Wilson’s mother, father, sisters, and friends gasped and cried as they watched for the first time video showing Nia Wilson being senselessly attacked by a stranger and die on the platform. Everyone seen in the video, including fellow BART passengers, looked stunned, in disbelief of what was happening.
Cowell removed from courtroom because of outburst
Deputies removed Cowell from the courtroom just two minutes into opening statements. He disputed a detail about who arrived at the Concord BART station first. Surveillance showed Cowell arriving at the station first, and Cowell tried to use that evidence to say it showed he wasn’t following the Wilson sisters. Judge Allan Hymer warned Cowell to remain silent, but after Cowell continued to speak, deputies escorted him out of the room.
He was allowed to return to the courtroom as his defense team delivered its opening statements. Cowell appeared uncomfortable when Moore left briefly to go into the judge’s chambers. He tried asking a deputy standing closest to him questions, and she shushed him as a remind that he was not permitted to talk. Cowell did not return to the courtroom for his trial in the afternoon, however, a reason was not disclosed by the judge.
A painful trial
Moore urged the jury to judge Cowell according to the law, and not according to their emotions.
“This is going to be a painful trial,” Moore told the jury. “It’s easy to see Mr. Ford’s opening statements and stop listening, stop caring about his mental state. I’m asking you to continue to listen.”
Ford asserted that the killer carried out a “tactical surprise attack” with malice and forethought. Cowell watched the Wilson sisters at the BART stations and on the train for more than a half hour before he stabbed two of them. As Cowell fled the scene, he pointed police officers back toward the BART platform pretending to be a fleeing bystander, he tossed the knife over a fence into a construction zone, and he changed his clothes.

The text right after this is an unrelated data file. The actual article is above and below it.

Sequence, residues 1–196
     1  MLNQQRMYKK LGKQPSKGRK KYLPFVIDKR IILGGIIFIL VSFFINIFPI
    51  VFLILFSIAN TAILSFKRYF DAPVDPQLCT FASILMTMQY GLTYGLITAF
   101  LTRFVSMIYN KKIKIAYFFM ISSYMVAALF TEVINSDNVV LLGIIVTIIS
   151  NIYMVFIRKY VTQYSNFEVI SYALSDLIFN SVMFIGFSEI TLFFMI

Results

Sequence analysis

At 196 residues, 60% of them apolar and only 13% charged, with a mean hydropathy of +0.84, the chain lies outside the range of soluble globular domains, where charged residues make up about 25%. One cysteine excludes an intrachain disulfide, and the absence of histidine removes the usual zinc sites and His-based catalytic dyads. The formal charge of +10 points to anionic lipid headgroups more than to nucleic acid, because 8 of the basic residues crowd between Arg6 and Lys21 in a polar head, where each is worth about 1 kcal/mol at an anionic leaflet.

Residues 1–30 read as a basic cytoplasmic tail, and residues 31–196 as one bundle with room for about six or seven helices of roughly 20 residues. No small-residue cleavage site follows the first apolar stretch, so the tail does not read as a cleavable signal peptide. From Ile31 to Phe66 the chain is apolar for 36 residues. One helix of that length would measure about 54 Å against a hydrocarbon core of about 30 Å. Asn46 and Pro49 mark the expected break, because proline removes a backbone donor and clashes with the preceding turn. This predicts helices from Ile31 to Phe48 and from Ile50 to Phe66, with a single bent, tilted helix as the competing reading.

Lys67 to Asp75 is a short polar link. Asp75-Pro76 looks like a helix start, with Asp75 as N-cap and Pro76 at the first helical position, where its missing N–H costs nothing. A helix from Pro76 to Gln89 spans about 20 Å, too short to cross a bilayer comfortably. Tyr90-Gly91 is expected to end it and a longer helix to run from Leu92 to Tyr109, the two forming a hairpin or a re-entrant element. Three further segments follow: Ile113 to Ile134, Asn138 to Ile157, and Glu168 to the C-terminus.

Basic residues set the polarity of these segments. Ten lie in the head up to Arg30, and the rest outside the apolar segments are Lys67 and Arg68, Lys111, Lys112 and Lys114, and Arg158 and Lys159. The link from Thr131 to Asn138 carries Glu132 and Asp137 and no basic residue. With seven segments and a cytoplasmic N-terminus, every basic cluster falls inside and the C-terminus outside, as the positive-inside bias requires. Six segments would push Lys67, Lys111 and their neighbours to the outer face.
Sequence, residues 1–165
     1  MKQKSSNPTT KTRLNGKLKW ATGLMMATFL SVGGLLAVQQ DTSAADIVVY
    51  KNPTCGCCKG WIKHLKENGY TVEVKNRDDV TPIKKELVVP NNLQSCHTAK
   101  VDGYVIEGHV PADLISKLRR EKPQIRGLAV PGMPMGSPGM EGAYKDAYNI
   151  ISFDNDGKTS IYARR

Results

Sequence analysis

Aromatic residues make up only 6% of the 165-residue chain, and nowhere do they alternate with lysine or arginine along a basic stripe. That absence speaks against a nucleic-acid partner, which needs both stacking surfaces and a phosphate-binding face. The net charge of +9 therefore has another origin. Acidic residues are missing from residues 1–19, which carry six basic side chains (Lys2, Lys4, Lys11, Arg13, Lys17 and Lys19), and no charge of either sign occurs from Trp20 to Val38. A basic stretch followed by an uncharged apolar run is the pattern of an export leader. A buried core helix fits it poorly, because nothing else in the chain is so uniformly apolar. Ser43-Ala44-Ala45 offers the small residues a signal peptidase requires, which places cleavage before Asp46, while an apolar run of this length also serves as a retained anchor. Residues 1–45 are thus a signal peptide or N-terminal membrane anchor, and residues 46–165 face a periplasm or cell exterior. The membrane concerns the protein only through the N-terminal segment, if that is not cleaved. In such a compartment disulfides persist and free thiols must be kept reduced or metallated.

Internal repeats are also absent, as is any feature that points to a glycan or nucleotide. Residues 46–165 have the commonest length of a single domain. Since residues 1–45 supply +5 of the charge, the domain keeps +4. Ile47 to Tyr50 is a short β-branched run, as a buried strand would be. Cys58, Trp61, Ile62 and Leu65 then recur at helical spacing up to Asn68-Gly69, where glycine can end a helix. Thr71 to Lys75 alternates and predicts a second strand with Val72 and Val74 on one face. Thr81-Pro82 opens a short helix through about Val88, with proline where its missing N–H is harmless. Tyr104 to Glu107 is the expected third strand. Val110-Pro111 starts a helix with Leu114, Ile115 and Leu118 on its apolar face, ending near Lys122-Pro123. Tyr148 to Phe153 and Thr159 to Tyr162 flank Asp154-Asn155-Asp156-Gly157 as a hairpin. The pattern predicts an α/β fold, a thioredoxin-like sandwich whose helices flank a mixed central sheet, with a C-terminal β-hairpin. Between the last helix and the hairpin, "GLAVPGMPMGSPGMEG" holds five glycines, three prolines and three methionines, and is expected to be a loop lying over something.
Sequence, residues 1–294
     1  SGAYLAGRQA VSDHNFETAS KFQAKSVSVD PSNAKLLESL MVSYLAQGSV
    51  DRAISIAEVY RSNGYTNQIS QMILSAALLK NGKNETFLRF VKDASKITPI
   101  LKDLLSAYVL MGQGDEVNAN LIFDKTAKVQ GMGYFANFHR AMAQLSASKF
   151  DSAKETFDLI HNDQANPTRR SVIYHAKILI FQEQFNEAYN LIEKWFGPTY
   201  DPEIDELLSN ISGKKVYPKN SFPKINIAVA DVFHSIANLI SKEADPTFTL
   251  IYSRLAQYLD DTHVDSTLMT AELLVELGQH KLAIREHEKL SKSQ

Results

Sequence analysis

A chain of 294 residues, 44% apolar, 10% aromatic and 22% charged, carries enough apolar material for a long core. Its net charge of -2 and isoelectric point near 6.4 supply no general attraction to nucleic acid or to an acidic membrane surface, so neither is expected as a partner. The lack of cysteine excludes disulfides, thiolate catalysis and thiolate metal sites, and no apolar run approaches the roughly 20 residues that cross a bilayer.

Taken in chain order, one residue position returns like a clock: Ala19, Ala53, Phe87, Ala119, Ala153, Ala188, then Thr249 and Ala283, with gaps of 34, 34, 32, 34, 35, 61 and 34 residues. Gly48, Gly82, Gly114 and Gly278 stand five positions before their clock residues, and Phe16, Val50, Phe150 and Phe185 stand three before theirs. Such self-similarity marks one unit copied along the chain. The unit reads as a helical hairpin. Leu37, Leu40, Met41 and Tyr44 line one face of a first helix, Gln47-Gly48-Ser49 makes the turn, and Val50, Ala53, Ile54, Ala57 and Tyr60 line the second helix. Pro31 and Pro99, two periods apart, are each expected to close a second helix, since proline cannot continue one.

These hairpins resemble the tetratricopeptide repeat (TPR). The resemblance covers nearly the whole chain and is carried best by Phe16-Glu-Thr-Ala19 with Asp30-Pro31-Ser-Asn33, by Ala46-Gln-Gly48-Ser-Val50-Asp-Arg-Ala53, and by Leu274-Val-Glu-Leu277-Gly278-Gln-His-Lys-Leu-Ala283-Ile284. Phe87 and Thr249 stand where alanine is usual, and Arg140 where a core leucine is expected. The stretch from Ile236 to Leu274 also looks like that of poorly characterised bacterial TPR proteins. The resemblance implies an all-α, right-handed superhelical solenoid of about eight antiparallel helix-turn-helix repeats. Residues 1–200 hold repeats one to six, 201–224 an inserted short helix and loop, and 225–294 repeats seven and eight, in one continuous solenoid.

Moore outlined the “clumsy” actions Cowell took during and after the homicide, including tossing his backpack nearby that contained all of his identification, killing someone in front of several surveillance cameras and witnesses, and continuing to ride on BART trains when he knew a manhunt for him was underway.
“Why would you get back on BART when you know the whole world is looking for you?” Moore asked. “This lets you know this wasn’t planned, not tactical. This was rash impulse.”
Testimony from key witnesses begins
Prosecutors called their first three witnesses to the stand Wednesday afternoon. They were BART police officers who found crucial pieces of evidence that revealed how the killing happened. Moore declined to cross-examine them.
No cameras, cellphones, or laptops were allowed inside the courtroom, and everyone sitting in the gallery was searched by deputies.
On Thursday morning, BART police officer Kevin Cook is slated to return to the stand to describe the first 24 hours of the investigation, including how he found Cowell’s knife tossed in a construction yard near the MacArthur station.
KRON4 Digital Reporter Amy Larson is in the courtroom covering the trial daily. You can find her latest reports here.